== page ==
Check out this Atari Haunted House Alternate Artwork

Check out this Atari Haunted House Alternate Artwork

I received Atari’s Haunted House for my birthday back in 1981. I really enjoyed it, but it was not the game I really wanted that birthday. For some reason, I got it in my head that what I needed was Atari’s port of Berzerk. To be fair it might have had a little something to do with that Atari Force comic that was packaged with the cartridge.

So my Father drove me to our local store and I gave my Haunted House to the clerk and explained I wanted to trade it for Berzerk. The clerk was a teenager and he fixed me with a smirk as he said, “Yeah, this Haunted House game is no fun at all.” So he hands me Berzerk but then the Electronics Manager comes over and asks why I was trading Haunted House for the new game and not another copy of the original game. I didn’t know what to say and I was getting the sinking feeling that I was about to have to hand Berzerk back over but my Father put his hand on my shoulder and said, “This Haunted House game is too easy for my Son, he beat it within 10 minutes. For the money we spent we want something that will last longer.” That was that and I went home with my new cartridge.

To be fair I really do like Haunted House and I am quite happy to have it in my collection. But thanks to Atari Mania we can now get a look at this Atari Haunted House Alternate Artwork. It is a very different perspective that ups the creepiness factor. Even as a an adult, looking at the distressed look on the woman’s face gives me the creeps.

Perhaps one of those reasons for the artwork variation is name changes. Haunted House went through a couple of different names during programming. It was Mystery Mansion, Graves Manor, and Nightmare Manor, before Haunted House was chosen.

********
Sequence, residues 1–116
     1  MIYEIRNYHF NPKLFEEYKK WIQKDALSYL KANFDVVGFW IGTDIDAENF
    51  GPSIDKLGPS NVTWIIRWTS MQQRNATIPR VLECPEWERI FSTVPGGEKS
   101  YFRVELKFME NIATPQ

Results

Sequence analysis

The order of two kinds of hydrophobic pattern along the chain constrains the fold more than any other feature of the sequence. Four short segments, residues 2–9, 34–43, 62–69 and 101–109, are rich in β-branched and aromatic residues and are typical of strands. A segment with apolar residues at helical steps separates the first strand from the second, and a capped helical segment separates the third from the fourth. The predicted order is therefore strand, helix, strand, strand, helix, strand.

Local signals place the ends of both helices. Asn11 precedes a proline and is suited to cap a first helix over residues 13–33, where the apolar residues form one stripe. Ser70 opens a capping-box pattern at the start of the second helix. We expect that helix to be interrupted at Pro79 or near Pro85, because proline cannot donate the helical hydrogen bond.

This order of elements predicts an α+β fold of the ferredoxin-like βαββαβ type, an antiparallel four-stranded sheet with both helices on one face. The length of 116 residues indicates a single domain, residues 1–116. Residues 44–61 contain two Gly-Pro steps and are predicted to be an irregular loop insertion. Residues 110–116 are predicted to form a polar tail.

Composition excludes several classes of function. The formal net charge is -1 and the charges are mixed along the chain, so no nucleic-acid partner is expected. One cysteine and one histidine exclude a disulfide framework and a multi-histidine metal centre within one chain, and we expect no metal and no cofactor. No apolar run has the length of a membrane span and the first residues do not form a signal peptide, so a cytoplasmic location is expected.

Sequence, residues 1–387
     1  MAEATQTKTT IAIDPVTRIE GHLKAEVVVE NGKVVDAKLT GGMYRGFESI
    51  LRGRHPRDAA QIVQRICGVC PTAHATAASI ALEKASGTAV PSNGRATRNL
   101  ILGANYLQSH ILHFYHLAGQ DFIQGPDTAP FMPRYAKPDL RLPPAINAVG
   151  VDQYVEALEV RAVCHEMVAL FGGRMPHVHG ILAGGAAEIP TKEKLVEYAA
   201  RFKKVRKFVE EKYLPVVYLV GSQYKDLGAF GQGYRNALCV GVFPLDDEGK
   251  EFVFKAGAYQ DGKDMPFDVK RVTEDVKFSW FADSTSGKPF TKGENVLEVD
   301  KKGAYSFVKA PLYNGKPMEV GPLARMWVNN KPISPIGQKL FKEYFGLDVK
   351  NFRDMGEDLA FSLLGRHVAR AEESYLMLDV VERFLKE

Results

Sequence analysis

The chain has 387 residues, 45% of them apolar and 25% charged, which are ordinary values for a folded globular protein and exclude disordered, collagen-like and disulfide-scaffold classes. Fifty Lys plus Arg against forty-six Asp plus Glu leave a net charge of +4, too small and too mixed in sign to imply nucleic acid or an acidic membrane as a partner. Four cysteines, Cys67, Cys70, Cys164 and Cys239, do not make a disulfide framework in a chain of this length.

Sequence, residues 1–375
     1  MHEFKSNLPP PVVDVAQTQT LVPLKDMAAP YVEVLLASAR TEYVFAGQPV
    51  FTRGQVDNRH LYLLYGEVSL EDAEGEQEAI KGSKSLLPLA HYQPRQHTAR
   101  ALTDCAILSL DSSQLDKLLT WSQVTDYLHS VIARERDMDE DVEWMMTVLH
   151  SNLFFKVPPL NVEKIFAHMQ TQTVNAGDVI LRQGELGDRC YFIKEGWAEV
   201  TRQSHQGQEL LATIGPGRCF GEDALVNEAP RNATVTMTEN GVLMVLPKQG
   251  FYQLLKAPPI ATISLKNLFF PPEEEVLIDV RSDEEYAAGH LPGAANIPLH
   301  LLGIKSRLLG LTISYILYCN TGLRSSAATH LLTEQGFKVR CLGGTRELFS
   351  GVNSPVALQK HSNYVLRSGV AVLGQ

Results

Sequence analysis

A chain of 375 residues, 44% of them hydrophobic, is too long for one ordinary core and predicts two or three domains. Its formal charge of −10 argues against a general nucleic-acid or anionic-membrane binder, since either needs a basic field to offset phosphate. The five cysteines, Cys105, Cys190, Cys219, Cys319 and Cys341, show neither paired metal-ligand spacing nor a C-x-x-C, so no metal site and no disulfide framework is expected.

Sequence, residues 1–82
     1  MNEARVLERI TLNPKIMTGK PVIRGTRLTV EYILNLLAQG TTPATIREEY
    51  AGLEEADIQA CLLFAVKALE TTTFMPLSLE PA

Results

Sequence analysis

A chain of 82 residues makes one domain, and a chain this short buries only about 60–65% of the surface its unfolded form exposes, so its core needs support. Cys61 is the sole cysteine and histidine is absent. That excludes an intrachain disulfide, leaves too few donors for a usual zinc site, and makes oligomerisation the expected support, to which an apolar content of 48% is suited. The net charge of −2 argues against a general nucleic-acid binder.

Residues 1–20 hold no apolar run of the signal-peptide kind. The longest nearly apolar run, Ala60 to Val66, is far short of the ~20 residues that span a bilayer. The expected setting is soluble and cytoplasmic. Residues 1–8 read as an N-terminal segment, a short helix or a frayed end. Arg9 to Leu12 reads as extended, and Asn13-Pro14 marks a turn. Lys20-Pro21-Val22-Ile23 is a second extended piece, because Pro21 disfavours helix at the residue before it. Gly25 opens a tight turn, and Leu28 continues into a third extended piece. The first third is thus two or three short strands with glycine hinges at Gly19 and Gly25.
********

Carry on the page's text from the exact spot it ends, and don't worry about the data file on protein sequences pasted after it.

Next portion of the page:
Searching through the alleys for useful knowledge in the city of Nostalgia. Huge cinema fanatic and sometimes carrier of the flame for the weirding ways of 80s gaming, toys, and television. When his wife lets him he is quite happy sitting in the corner eating buckets of beef jerky.

This Post Has 5 Comments

  1. “Stop staring at my chest”

  2. I’ll never top Max Power’s comment – ha!

    Both great games, but I’ve always preferred Berzerk myself. And, while I like the original artwork better, the alternative version does at least have a house in it. It always struck me as odd that there wasn’t a mansion of some sort in the box artwork.

  3. Indeed, if a house were to be haunted and requiring a videogamer’s ghostbusting touch, you’d figure the said-building would appear on the mission box.

    I woulda guessed the buster was already inside the house when the graphic was hastily hand-drawn in between wandering spiders and ghostey visions, but there’s a branch sticking out, like an old indian grave tree awaiting unsuspecting kids to go to bed so it can crash through their window and fly off into the night.

    (uh, guess what movie I watched this week)

    I could never have traded in my Haunted House cart, despite the apparent blankness of visuals that are part-and-parcel of a Dark-and-Stormy-night kinda game.

    But I agree Berserk had more arcade-gamer, long-term appeal (and I held onto that one as well, to this day).

    Candy apples and Sunkist oranges, anyway.

    Lastly, that alternate artwork was as great as any Atari cart art of the time, but… yeah, an unfortunately inappropriate design as Max points out.

  4. Good points, my friends. I always say the original artwork eyes as belonging to a young kid…but that could be because I was imposing myself at the time on the artwork. There is certainly a Lurking Fear thing going on there with those eyes on the alternate artwork!

  5. This is a comment on a way old post, but the reason the artwork changed is because there was a manager at Atari who saw where the eyes were placed and said, “You can’t place those, there!”. From the Atari Artwork Book.

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